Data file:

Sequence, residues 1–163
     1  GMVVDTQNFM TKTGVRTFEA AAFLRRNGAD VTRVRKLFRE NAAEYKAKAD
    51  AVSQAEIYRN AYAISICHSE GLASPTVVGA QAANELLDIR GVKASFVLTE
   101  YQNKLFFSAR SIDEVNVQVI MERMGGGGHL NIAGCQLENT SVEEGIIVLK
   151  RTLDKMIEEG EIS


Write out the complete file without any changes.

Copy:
Sequence, residues 1–163
     1  GMVVDTQNFM TKTGVRTFEA AAFLRRNGAD VTRVRKLFRE NAAEYKAKAD
    51  AVSQAEIYRN AYAISICHSE GLASPTVVGA QAANELLDIR GVKASFVLTE
   101  YQNKLFFSAR SIDEVNVQVI MERMGGGGHL NIAGCQLENT SVEEGIIVLK
   151  RTLDKMIEEG EIS